"Pass the salt," is usually heard around the family dinner table. However, throughout Ohio, it is being said in every city, town, and village hall. Communities are passing their stockpiled salt piles because winter has not brought its usual frosty fist.
It means communities can save the money they would normally put toward clearing their streets.
"Last year, we spent $393,000," said Mayor Holly Brinda of Elyria. Her community of 20 square miles has not seen the snowplows drop their blades on the concrete and asphalt of city streets. That keeps money in the city treasury to be used for other purposes.
Brinda said each community gets money from the state to handle snowplow and salting in the winter. What Elyria received last year from Ohio was not enough to handle winter's heaviness.
"We had to take another $250,000 out of our general fund to pay for the rest of the salt," she said.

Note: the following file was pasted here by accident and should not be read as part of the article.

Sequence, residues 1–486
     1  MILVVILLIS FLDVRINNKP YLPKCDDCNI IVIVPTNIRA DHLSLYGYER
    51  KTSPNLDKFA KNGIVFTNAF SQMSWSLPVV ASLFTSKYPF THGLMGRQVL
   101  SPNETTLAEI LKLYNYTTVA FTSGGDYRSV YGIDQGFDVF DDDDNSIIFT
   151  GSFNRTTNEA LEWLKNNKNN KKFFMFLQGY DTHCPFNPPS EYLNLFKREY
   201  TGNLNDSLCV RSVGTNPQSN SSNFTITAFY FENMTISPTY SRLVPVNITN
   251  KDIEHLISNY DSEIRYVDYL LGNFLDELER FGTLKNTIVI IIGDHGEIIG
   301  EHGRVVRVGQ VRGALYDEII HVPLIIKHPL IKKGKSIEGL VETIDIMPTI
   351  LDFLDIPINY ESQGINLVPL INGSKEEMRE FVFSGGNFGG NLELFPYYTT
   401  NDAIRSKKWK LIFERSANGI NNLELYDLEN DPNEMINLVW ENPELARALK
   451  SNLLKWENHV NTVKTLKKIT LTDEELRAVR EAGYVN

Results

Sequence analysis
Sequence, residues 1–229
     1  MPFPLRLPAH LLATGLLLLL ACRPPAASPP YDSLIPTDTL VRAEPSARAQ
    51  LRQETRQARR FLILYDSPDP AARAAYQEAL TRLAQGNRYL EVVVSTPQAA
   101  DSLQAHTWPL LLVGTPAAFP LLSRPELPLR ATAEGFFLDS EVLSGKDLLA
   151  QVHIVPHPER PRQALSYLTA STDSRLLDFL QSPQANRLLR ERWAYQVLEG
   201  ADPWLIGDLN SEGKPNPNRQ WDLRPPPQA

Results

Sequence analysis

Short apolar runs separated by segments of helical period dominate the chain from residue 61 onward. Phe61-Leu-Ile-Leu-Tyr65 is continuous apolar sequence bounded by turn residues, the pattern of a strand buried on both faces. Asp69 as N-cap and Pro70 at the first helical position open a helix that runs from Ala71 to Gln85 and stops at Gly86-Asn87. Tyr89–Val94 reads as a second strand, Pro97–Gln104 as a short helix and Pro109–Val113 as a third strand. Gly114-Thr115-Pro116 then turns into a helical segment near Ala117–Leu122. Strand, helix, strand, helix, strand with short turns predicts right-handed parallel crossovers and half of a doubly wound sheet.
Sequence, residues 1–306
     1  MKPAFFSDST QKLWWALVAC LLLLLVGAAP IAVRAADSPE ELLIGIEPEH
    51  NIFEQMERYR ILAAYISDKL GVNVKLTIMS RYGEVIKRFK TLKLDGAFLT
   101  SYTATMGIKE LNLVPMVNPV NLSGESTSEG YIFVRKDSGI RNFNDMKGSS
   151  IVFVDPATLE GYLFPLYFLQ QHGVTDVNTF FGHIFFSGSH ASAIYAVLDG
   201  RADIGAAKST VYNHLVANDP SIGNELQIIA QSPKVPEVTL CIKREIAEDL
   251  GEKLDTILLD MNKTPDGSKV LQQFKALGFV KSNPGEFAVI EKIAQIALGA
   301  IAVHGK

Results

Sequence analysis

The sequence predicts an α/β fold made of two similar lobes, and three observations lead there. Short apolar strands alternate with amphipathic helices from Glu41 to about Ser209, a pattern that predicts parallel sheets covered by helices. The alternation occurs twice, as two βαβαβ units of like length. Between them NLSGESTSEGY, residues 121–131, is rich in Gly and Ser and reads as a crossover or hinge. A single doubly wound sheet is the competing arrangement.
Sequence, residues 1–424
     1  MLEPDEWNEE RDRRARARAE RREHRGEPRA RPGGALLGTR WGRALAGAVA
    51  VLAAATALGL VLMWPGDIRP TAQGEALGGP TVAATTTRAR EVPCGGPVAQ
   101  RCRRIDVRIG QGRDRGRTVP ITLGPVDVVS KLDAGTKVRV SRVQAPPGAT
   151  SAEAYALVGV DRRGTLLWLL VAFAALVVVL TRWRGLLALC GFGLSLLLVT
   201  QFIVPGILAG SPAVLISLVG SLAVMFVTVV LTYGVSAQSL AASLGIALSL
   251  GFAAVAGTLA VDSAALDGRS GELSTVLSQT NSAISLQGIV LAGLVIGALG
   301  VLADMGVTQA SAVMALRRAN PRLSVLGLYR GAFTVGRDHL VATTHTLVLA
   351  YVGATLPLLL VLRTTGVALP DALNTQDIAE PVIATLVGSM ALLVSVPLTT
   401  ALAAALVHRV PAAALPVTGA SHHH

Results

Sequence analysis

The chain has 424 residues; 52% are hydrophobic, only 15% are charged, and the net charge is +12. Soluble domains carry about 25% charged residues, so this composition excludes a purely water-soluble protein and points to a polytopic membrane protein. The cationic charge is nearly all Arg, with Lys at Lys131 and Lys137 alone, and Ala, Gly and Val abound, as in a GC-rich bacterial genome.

Elyria is not alone. Throughout Ohio, communities from large to small are seeing savings because of the unusually warm late autumn.
As of Dec. 9, the Ohio Department of Transportation has used only 5,854 tons of salt. During the same period a year ago, ODOT had already used 96,080 tons of salt.
"That means that crews are spending more time performing other maintenance operations," said Jocelynn Clemings, public information officer for ODOT. In a news release, Clemings said road crews were performing fence repairs, vegetation removal, pavement repairs, guardrail repairs, and other services.
As long as winter holds back its usual frosty fist, state and local governments are saving money. Still, winter does not officially begin until Dec. 21 and those who are well-aware of how winter can be realize the season really is just getting started. However, every day without snow is a savings at city hall.
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